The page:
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When my husband and I were first married in 1977, our first car was a Pontiac Astra.

This car had a standard transmission.

From time to time my husband Frank, would try to teach me the fundamentals of how to drive a standard vehicle. For whatever reason, I could never get the car to go forwards. I could only make it go backwards.

All these years later, that still mystifies me.

Shortly after I started working at the post office in 1988, it became apparent that a second family car would be needed. My husband had set his sights on purchasing an economic vehicle which came with a standard transmission.

I needed to immediately learn how to drive this vehicle.

It was decided that the best course of action was to get some professional help and hire a driving instructor to teach me how to drive a car with a standard transmission.

I, of course had my doubts. It was now over ten years that I had been trying to understand how to get the car to roll forward while in first gear. The problem was that I could not understand how one instinctively knew when it was appropriate to step on the gas while easing up on the clutch.

It just didn’t make sense to me.

Enter Mr. Driving Instructor who in the end was successful in getting me moving from a full stop while in first gear. Even better, I was able to go from first gear into second.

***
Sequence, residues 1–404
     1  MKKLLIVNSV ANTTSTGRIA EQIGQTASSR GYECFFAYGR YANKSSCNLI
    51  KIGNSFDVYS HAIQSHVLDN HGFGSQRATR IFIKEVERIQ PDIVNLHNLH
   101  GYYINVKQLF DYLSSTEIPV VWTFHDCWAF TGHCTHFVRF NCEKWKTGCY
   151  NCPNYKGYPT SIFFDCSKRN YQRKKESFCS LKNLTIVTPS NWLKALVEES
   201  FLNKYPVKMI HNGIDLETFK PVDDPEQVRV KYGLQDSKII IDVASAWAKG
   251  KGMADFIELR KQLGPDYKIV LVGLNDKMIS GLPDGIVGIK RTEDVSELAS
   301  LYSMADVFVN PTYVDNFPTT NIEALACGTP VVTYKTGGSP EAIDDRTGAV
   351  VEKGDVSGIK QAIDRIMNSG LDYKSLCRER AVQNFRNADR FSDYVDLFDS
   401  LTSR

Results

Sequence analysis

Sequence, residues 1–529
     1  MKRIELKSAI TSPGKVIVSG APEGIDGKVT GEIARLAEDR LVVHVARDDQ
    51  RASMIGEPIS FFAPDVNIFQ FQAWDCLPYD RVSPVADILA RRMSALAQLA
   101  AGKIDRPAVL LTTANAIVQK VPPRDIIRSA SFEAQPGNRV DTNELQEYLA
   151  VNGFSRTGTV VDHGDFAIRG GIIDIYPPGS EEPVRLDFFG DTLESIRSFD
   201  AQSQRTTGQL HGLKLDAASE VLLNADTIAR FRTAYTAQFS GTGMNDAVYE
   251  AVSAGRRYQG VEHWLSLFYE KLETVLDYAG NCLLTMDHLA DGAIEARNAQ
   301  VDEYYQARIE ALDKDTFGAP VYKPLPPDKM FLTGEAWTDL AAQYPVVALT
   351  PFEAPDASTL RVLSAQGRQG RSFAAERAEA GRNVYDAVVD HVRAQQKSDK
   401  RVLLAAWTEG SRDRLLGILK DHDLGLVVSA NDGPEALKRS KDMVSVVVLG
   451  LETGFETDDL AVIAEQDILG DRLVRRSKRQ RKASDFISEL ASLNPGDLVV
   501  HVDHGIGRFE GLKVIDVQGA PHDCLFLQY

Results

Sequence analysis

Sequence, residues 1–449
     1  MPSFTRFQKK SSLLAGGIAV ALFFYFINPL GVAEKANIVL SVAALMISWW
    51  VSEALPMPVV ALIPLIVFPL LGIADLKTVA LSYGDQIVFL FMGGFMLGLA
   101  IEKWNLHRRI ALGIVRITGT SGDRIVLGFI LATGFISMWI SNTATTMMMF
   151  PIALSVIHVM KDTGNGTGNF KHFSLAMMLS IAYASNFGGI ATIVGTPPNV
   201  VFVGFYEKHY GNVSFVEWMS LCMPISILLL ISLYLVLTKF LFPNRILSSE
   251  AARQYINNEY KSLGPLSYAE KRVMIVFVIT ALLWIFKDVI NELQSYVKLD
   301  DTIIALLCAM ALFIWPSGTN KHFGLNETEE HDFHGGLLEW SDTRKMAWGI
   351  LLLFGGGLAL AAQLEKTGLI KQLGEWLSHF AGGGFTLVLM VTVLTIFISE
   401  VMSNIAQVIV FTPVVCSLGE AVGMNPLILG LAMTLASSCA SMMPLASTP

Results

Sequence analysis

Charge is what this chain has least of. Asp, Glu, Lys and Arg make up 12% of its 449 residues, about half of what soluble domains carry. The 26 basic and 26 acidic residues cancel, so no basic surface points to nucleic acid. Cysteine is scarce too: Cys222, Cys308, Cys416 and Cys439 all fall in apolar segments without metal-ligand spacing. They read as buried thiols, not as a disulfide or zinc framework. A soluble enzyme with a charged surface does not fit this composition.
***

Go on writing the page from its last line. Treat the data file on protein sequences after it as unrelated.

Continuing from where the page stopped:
Through his skillful tutelage I finally saw the proverbial light.

How did he do it?


All he had to say were two words.

Those two words were:

“Friction point.”

It was in that moment when I first heard those two words that I fully understood the importance of clear and concise language.

Thirty minutes later, after driving a few laps around some local city blocks I exited the driving instructor’s car and thanked him.

In the next several days, after arriving home from my night shift at 4:00 a.m. I would practise my new skills by circling the pre-dawn city streets over and over until I could change gears without even thinking about it.

That was 28 years ago.

That was my first lesson on the importance of well chosen words. Those two words superseded the thousands and thousands of words I had to listen to over the past ten years until I finally and clearly could understand how to drive a standard transmission.

Ever since then, whenever I am trying to explain something to someone as a mother, union representative, health and safety advocate, or friend, I am always confident that my listener will be able to understand anything that I am trying to convey, as long as I choose the right words.

The fewer words the better.

Now twenty-eight years later, if it were possible, there are two words of my own that I would like to say to to my well spoken driving instructor.

Those two words would be:

“Thank you.”